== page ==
Inspiration borne of sorrow: Cornwall artist Renée Lalande tackles what is sadly taboo. By Mary Anne Pankhurst

Inspiration borne of sorrow: Cornwall artist Renée Lalande tackles what is sadly taboo. By Mary Anne Pankhurst

renee lalonde 1CFN – More than150 people packed the Cornwall Art Gallery last night. Yet for many of us, the sound of their mingling was immediately muted by the almost audible lamentations Renée Lalande’s paintings evoke. In fact within seconds after stepping through the door, it was as if there were only three people in the gallery: a mother, a father and their infant daughter, Jovie, who died at the tender age of five months, one year ago to the day. Ms. Lalande explains that the colours used in the nine large acrylic and mixed media artworks – dark umbers, reds and blues – were initially chosen to express the raw emotion: “I was just so angry,” she says. renee lalande 2And to the discerning eye, it is evident.  The brush stokes – especially those used for rendering Jovie in her coffin – are hurried and rough.  But these give way to softer, more detailed strokes and colours especially by the time Renée completes the painting of her husband Ian (preparing for his tribute climb of Mount Kilimanjaro) only days before last night’s opening. There are a number of symbolic components within the paintings, from butterflies to birds, words, and empty nests.  Taken altogether, they communicate the thoughtfulness and tenderness of a mother’s love. But Renée explains that among the realizations she came to as a mother, a schoolteacher and artist, is that dealing with and tackling the subject of death is somewhat taboo. renee lalandeShe says she felt pressured, by some – by society – to just “move on.”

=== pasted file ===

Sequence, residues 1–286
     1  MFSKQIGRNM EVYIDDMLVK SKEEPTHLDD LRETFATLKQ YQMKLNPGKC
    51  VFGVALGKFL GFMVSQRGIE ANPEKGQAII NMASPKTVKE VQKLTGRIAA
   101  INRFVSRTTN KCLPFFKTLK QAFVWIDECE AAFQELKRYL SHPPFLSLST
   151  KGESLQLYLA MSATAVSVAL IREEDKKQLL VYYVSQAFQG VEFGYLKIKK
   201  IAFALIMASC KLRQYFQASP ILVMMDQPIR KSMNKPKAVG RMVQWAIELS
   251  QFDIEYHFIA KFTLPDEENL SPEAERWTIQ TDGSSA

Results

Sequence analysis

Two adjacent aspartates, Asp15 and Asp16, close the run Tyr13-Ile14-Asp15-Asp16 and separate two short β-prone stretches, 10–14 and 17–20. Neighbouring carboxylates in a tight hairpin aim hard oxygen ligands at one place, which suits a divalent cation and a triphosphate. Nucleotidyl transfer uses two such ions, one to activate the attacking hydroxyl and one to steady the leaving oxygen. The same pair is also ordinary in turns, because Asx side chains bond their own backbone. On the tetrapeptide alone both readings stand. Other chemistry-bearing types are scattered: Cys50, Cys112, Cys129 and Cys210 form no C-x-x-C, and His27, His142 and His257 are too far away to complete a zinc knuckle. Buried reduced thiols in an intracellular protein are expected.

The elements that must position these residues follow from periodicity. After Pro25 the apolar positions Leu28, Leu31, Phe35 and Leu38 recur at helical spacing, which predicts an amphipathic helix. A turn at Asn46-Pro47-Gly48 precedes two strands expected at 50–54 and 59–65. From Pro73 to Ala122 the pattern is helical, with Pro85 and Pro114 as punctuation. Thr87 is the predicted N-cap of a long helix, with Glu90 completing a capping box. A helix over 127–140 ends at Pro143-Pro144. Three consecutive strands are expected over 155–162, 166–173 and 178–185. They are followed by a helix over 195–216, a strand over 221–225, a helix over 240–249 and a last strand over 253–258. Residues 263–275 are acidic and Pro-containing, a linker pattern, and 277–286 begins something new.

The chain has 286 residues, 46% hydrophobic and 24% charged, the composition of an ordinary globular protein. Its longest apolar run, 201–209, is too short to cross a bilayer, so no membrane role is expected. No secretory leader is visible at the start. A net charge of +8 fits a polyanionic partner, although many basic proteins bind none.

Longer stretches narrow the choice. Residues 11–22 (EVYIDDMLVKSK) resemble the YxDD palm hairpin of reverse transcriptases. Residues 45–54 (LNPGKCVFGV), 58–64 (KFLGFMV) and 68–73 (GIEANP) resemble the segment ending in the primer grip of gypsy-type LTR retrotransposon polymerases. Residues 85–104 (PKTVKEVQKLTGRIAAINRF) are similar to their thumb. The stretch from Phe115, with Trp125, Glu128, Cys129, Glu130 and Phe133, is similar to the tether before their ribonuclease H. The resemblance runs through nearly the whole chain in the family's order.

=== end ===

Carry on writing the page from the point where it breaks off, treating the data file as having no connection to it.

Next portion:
“I understand it makes some people uncomfortable,” she says.  “But in my isolation I was able to turn to art, something I had put aside just balancing the everyday demands of life, like work and home.”

Renée is very confident about the importance of establishing and maintaining balance, and is thankful for the special kind of support she received from other artists who seem to understand that Jovie as “inspiration” has value, and helps keep her memory alive. Good for them.  And good for you, Renée.

Dimitris

The exhibition at TAG runs to March 15th.

(TAG did not participate in this story)

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3 Comments on "Inspiration borne of sorrow: Cornwall artist Renée Lalande tackles what is sadly taboo. By Mary Anne Pankhurst"

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Michael Atieri
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Thank you Mary Anne.
Ms. Lalande. it is very difficult to express ones emotion, especially when we are bound by words alone. Although I have not seen your painting as yet. I can only imagine why society will suggest to move on. Maybe they can not handle their emotions as well as you seem to be doing. Your painting has caused them to remember their sorrow.
An emotion of love can never be erased

Jennifer Vandrish
Guest

It is sad to read that anyone feels pressured to move on over the death of any family member, let alone a child. I am selfishly thankful to have not experienced that kind of grief. I can’t even begin to imagine the pain you’ve felt.
Good for you Renee for using your beautiful daughter as an inspiration to create such memories.

Carolyn Pinto
Guest

Excellent writing, and incredibly moving artwork.

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